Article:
- Part 1 Staying Sheltered
- Part 2 How California renters are bracing for an eviction tsunami
- Part 3 Job loss, rent increase tow a single mother’s finances under
- Part 4 Gasping for air in the face of eviction
- Part 5 Losing out on work so her son can learn
- Part 6 Better off than before, even as the rent goes up
- Part 7 Finally, rent relief for a graduate starting out in the job market
- Part 8 Putting her children before the fields
- Part 9 Living without a job and under the harassment of the landlord
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City: Rural Fresno County
Occupation: Farmworker caring for son and daughter
Carolina lost work due to COVID-19 and has fallen behind on rent for a trailer she shares with her son and daughter. The single mother remains on a waiting list for undocumented immigrants in need of assistance.
Carolina Navarro is out of work, hasn’t paid rent in three months, and has been watching her utility bills slowly pile up.
But, on a recent Thursday afternoon, the 34-year-old single mother was mostly worried about the chewed-up pencils on her kitchen table.
“More than work or money, it’s the emotional health of my children that brings me sorrow,” Navarro said in Spanish during an interview at her home in rural Fresno County.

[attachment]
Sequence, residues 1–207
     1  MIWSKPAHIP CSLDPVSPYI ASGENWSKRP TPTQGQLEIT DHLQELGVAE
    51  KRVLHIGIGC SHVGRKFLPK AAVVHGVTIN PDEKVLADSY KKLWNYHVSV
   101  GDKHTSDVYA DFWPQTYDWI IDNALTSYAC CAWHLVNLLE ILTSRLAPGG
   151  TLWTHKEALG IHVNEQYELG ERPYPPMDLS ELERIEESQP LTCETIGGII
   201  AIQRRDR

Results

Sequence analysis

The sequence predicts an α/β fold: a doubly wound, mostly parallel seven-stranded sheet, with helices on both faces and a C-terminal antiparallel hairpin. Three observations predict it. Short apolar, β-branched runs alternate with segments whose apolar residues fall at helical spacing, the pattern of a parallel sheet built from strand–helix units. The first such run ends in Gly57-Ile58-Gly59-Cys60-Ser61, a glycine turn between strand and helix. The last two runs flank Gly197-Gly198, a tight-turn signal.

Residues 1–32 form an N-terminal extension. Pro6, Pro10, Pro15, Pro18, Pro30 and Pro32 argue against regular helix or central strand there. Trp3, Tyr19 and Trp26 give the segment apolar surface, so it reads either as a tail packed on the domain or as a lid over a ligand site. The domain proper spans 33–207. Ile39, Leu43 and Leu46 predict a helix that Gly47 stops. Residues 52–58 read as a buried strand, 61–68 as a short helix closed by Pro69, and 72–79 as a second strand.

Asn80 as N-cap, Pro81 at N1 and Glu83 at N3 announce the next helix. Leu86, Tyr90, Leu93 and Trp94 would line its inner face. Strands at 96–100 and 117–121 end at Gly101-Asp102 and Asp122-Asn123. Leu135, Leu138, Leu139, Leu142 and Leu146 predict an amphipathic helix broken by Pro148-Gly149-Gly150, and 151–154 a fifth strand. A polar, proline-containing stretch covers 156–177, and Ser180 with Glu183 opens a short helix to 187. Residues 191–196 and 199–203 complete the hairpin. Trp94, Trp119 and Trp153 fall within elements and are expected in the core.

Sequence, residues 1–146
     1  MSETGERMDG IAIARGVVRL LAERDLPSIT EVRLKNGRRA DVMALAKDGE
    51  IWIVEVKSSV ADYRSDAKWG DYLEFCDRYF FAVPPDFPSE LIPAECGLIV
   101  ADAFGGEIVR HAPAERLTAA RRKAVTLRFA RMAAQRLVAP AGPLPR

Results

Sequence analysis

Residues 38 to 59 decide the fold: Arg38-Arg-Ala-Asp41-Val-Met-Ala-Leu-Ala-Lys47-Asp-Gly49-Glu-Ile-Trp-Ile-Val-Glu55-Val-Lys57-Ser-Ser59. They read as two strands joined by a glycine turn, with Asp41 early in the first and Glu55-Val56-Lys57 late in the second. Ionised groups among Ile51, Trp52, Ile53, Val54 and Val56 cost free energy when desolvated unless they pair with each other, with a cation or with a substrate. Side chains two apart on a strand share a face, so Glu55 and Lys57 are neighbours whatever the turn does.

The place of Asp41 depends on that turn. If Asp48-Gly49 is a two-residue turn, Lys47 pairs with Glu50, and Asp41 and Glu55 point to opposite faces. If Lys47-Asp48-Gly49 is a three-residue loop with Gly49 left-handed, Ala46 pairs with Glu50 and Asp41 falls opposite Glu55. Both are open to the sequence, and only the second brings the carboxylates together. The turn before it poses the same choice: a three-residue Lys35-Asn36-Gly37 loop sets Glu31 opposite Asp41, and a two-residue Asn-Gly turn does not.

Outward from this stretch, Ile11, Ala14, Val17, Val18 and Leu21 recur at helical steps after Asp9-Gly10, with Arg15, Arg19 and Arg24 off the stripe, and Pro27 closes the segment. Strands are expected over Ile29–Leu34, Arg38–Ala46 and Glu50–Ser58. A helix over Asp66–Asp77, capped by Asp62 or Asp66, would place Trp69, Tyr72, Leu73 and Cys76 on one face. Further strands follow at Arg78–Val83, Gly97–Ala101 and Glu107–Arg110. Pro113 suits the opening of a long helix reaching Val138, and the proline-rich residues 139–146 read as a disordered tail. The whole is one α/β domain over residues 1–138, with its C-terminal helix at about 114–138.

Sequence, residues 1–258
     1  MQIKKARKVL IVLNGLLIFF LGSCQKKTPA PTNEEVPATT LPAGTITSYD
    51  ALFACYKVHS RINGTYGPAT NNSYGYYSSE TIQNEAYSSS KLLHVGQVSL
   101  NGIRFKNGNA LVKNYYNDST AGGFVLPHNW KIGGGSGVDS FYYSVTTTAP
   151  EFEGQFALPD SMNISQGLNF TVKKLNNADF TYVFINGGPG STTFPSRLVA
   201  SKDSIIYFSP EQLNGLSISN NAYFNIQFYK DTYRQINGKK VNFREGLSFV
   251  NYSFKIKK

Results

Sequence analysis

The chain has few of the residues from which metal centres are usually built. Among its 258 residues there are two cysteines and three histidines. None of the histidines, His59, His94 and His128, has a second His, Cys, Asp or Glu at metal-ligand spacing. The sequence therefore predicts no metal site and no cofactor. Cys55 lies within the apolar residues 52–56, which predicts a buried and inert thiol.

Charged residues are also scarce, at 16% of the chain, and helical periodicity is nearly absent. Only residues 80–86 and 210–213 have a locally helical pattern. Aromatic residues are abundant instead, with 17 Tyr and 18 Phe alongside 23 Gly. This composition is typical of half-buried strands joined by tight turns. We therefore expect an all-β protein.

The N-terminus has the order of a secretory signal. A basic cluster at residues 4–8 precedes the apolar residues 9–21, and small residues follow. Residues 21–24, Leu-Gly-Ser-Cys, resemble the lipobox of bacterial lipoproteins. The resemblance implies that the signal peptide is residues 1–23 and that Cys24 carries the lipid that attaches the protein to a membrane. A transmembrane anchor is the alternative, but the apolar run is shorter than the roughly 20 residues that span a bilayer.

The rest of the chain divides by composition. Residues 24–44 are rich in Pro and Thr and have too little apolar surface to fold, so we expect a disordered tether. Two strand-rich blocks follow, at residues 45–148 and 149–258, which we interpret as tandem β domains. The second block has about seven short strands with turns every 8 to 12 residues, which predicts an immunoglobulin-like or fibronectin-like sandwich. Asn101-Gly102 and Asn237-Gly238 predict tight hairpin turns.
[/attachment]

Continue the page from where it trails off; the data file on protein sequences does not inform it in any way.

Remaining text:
“My 6-year-old son loves school. He loves reading,” she said, tears welling up in her eyes. “But he’s biting his pencils until he breaks them.”
Navarro asked to be identified by her mother’s maiden name because she feared possible repercussions for her family.
Navarro believes her son, Cesar, is suffering anxiety brought on by a year in isolation. Their financial distress, immigration status, and her son’s other health issues are only making it worse.
Navarro’s situation isn’t unique — on average, one in eight Californians have been late on rent during the pandemic, and the majority of them are single mothers. But as an undocumented immigrant, she has been ineligible for most government relief efforts, and as a farmworker, she has been disproportionately devastated by a lack of worker protections and availability of work.
A recent study on the toll of COVID-19 on farmworkers found seven of every 10 farmworkers struggle to pay for food, while 63% reported difficulty paying rent during the pandemic.
In late November, Navarro lost all sources of income.
Her son came down with COVID-19 after staying with his uncle while his mother worked the fields at a nearby ranch. His illness worried Navarro because he also has a chronic heart condition. He had open-heart surgery when he was born and several surgeries after that. The valve that pumps blood into his body is now closing up, and he needs surgery.
His cough, fevers, and headaches lasted about a month. Carolina and her daughter caught the virus from him, too.
Sick and quarantined, Navarro stopped showing up for work, which, on a good week, would bring in a couple hundred dollars. She soon fell behind on rent, gas, and electricity and could barely afford food.
Navarro also failed to drop off her paperwork for limited government assistance available to undocumented immigrants through CalWORKS. In March, after visiting the county office in person, she recovered that assistance.